ARREST AND BAIL BONDS
- What is a Bail Bond?
- What is the cost of a Bail Bond?
- How do I pay for the Bail Bond?
- What happens after a person has been arrested?
- What is a “Cite Out” or “Cite & Release”?
- What is “O.R.”?
- Can I just pay the jail for the full amount of the bail?
- What is the procedure for bailing somebody out of jail?
- Can your company quickly handle bail bonds for any jail in North Carolina?
- What happens if the defendant is not bailed out?
- What other bail information and legal resources are available?
BAIL BOND COLLATERAL
- What is collateral?
- If I use collateral for a bail bond, when do I get it back?
- Will the court take my property as bail collateral?
BAIL BOND RESPONSIBILITIES
- If I bail somebody out of jail, what is my responsibility?
- What happens if a defendant is bailed out and fails to appear in court?
- How do we know we can trust your bail bond company?
ANSWERS & BAIL INFORMATION
ARREST AND BAIL BONDS
Q: What is a Bail Bond?
A: A bail bond, technically called a “surety bond”, is a contractual undertaking guaranteed by a state licensed bail bondsman who is backed by an insurance company. The bail agent guarantees to the court payment of the full amount of the bond if the defendant fails to appear for their scheduled court appearances. For your protection, always deal with licensed bail bond company.
Q: What is the cost of a Bail Bond?
A: In most states, including North Carolina, the cost of a bail bond is up to 15% of the bail. There are no hidden fees or taxes for a bail bond. By example, if the bail is set at $25,000, and the bond is 15%, then the fee charged is $3750, no more and no less by law.
Q: How do I pay for the Bail Bond?
A: When arranging bail, companies generally need payment in advance of “posting” a bond for the release of a detainee. We accept cash, Visa, MasterCard, Discover, and American Express. Most of our clients pay using credit card.
Q: What happens after a person has been arrested?
A: After an individual has been arrested, generally, they will be taken to a local law enforcement station for processing and booking. Processing and booking includes fingerprinting, pictures, and nation-wide computer database searches. It can take many hours, but in smaller jails generally happens more quickly. Bail cannot be arranged until the arrest process is complete.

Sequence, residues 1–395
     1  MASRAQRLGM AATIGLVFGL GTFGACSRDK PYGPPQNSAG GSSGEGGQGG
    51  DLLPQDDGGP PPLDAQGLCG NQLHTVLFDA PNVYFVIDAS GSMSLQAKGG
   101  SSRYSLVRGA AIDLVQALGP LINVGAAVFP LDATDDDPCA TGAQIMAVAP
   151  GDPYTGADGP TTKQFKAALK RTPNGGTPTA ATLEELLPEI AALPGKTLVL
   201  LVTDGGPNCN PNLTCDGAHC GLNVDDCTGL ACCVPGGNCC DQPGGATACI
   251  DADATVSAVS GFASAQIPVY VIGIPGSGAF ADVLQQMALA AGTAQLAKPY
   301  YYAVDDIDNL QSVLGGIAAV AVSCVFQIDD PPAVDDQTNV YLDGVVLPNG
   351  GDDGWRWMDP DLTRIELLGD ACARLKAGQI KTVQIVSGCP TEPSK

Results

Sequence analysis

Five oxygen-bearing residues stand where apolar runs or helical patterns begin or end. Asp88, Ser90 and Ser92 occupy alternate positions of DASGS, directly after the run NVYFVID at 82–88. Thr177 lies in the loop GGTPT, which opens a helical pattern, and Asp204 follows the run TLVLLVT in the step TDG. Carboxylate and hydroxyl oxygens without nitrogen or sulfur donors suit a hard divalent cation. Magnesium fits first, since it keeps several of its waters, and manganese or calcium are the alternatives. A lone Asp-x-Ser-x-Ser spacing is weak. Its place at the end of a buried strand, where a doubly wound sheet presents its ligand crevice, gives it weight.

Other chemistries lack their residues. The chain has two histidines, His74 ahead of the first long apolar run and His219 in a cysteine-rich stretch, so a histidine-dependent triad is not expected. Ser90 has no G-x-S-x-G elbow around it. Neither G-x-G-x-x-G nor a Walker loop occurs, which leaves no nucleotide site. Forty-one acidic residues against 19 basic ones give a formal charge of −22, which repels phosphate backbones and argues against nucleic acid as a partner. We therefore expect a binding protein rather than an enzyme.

Q: What is a “Cite Out” or “Cite & Release”?
A: A Citation Release involves the issuance of a citation to the arrestee, informing the arrestee that he or she must appear for an appointed court date. This is typical for more minor infractions such as traffic violations. No bail bond is required.
Q: What is “O.R.”?
A: Defendants can be released on their own recognizance, also known as “OR”. This is usually reserved for lesser crimes. Only a judge can decide to release a detainee on OR. In such a case, the defendant is released with a written promise to appear in court and no bail is required.
Q: Can I just pay the jail for the full amount of the bail?
A: Yes, you can. To be released on cash bail, an individual must post the full amount of the bail with the court in the form of cash or cashiers check. In order to post cash bail, an individual should check with the bail clerk to verify forms of payment accepted in an individual jurisdiction as different courts may have other options or restrictions. The source of funds for large bail generally must be verified to ensure that funds come from legal sources.